April 2018

The Trophy on “Augustus of Prima Porta”

"Augustus of Prima Porta," side view, a copy of a bronze statue of c. 20 BCE. Marble, height 6' 8" (2.03 m). Musei Vatican

“Augustus of Prima Porta,” side view. Early 1st century CE, perhaps a copy of a bronze statue of c. 20 BCE. Marble, height 6′ 8″ (2.03 m). Musei Vatican

Yesterday I was looking for a detail image of “Augustus of Prima Porta” to show to a student, and I came across an image that showed the back of the cuirass (breastplate). “Hold on! What is that?” I thought. I never knew that the back of the sculpture was decorated. Underneath Augustus’ arm you can see that there is a small object that looks like a figure. It appears in considerably lower relief than the figures on the front.

Detail of trophy from the "Augustus of Prima Porta," early 1st century CE

Detail of trophy from the “Augustus of Prima Porta,” early 1st century CE. 

This figure is a Roman trophy (tropaeum). It is not a human figure, but it is an armored body with a helmet and breastplate that is put together on a tall pike to give off the semblance of a man. The armor is supposed to come from that of a defeated enemy. A similar trophy image, which includes the shields of defeated enemy soldiers, is located  within a frieze from at the Temple of Apollo in Circo (Capitoline Museums).

I can’t tell what is projecting from the trophy of the Augustus of Prima though. Can anyone tell what is coming out from its left (our right) side?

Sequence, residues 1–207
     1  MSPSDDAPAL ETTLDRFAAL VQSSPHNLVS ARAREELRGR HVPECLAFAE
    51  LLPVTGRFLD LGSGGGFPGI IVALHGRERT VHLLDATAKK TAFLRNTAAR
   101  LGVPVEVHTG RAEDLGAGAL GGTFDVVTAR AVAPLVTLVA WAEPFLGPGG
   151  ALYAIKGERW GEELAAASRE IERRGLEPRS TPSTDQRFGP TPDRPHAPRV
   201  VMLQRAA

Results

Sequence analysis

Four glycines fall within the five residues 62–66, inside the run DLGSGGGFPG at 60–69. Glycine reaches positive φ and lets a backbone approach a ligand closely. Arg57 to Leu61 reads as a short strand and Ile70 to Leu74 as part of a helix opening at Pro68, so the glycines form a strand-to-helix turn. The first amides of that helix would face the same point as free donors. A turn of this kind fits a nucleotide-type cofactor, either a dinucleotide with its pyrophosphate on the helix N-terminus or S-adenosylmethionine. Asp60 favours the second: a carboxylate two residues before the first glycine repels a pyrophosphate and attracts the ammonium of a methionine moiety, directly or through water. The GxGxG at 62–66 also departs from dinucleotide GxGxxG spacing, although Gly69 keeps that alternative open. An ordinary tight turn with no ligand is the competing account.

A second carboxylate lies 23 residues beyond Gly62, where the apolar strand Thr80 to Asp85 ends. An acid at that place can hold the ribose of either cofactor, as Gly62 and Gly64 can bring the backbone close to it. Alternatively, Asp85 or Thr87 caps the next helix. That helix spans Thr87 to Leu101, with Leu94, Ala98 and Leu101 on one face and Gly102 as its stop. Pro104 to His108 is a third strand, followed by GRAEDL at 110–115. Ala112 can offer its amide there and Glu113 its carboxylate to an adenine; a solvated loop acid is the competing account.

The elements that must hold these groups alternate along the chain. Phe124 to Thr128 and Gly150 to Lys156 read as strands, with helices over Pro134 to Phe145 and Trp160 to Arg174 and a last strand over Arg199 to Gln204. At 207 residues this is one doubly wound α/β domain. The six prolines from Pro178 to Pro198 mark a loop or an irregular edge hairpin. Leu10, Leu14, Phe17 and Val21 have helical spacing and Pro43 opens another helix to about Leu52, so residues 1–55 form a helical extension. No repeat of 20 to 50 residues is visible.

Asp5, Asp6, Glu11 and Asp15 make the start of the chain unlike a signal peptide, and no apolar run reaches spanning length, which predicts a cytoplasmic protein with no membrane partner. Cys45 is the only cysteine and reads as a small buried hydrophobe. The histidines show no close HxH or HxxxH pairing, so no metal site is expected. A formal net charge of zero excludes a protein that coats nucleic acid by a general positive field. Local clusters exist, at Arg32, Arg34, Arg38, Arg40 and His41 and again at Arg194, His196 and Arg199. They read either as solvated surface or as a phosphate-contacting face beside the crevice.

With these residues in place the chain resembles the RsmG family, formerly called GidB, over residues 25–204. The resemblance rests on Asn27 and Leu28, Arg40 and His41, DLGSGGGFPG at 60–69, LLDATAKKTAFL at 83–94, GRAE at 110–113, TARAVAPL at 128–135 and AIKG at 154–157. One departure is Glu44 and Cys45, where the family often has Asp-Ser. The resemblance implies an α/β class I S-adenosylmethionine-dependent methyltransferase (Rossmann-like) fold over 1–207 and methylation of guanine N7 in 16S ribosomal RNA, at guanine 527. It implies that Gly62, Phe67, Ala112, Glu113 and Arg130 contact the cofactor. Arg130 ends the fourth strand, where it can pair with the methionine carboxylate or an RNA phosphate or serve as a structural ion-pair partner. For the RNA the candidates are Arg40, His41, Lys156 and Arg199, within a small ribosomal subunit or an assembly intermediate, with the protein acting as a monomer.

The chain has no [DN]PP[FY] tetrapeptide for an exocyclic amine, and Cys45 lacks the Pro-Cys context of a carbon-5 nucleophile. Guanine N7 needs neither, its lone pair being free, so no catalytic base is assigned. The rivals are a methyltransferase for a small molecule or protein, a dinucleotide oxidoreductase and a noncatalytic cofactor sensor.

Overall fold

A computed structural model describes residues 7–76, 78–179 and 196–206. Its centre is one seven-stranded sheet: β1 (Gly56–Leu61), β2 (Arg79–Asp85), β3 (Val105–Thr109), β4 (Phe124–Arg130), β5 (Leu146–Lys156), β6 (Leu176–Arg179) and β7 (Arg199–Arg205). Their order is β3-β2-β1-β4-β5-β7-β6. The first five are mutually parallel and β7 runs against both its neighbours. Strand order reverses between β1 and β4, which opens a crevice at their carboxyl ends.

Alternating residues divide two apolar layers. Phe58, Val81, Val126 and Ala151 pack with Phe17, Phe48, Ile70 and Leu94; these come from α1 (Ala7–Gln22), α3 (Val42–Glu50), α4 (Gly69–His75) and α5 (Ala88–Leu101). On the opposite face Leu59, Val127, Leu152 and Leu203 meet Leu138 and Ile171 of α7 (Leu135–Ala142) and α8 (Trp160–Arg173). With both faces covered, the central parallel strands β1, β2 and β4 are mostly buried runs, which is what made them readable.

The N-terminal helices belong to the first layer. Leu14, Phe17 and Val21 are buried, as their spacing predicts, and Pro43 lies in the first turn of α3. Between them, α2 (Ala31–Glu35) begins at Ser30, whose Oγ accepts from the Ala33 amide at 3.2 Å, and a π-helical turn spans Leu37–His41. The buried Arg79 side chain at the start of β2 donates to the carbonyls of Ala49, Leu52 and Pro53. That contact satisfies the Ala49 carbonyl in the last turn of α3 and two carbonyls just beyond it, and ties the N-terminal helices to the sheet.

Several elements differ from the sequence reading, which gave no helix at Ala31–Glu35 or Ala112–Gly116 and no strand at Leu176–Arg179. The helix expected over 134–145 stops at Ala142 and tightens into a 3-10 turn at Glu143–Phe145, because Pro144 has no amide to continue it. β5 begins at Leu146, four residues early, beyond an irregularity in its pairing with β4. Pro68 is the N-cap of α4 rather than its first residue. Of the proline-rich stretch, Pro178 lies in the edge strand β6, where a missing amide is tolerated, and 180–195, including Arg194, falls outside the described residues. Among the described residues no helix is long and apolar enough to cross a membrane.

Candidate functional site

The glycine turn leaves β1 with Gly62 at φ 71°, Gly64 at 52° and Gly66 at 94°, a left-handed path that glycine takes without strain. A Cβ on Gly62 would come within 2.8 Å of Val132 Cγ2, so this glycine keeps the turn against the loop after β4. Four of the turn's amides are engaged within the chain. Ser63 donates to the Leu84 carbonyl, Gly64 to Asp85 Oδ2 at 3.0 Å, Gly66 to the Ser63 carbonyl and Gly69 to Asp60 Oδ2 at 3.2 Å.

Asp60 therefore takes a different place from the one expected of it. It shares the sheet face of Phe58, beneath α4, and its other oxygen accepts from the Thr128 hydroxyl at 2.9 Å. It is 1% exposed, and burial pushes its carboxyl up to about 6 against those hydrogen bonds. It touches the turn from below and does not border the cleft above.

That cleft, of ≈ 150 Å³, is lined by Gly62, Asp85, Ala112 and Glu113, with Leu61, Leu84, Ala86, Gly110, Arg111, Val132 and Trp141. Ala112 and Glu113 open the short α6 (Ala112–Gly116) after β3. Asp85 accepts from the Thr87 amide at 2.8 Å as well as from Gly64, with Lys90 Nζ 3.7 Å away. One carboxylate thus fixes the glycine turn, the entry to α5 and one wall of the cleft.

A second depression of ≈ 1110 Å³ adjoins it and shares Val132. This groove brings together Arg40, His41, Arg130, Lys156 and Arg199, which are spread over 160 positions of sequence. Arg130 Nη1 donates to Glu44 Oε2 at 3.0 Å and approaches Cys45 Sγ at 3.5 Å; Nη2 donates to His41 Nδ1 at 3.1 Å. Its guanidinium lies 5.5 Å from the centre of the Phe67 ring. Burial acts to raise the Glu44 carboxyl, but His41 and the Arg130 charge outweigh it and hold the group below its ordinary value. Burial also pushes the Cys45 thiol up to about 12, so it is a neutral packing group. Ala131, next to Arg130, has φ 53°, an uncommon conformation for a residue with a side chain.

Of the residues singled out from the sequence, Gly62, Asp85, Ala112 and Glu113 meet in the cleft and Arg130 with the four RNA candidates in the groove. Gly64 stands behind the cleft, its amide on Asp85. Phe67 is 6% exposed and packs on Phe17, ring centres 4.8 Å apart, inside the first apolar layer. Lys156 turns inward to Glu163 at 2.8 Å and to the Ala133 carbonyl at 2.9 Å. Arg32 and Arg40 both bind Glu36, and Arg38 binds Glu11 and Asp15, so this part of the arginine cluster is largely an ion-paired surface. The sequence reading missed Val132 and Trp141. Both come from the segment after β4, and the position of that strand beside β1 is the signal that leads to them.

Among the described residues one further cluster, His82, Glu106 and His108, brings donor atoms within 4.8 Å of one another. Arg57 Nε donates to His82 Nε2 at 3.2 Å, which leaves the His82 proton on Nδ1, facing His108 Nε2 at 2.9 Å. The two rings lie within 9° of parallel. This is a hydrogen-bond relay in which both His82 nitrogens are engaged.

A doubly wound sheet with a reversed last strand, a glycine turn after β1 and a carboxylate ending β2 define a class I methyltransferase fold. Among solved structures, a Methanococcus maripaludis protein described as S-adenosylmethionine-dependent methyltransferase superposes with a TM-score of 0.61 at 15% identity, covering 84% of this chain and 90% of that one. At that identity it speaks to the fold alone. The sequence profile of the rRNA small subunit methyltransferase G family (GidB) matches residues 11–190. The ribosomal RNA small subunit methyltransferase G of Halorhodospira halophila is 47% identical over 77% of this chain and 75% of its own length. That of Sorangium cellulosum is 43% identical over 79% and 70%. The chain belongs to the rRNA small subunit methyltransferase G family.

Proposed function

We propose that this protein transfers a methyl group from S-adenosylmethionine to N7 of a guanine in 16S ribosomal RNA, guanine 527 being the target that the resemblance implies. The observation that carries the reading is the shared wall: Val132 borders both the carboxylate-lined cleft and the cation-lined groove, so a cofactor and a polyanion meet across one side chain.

This website explains that the back of the cuirass is not only decorated with a trophy, but also wings. From my perspective the image looks like like wings than ribbon that is used to tie the cuirass together.

Augustus of Prima Porta rear view

Augustus of Prima Porta rear view, early 1st century BCE

Detail of side rear of cuirass

Detail of side rear of cuirass with so-called “wings”

I’m curious as to why this trophy was included, especially if it might not have been in a location where the imagery would have been seen regularly (a metal rod in the back of the statue suggests that it was meant to be placed on a wall). Part of me wonders if there was some awkwardness at portraying this trophy with the armor of defeated enemies, since Augustus’ victory over the Parthians was won more through diplomatic means than actual fighting on the battlefield per se. Does anyone else have more information or theories regarding the inclusion of this trophy?

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This blog focuses on making Western art history accessible and interesting to all types of audiences: art historians, students, and anyone else who is curious about art. Alberti’s Window is maintained by Monica Bowen, an art historian and professor.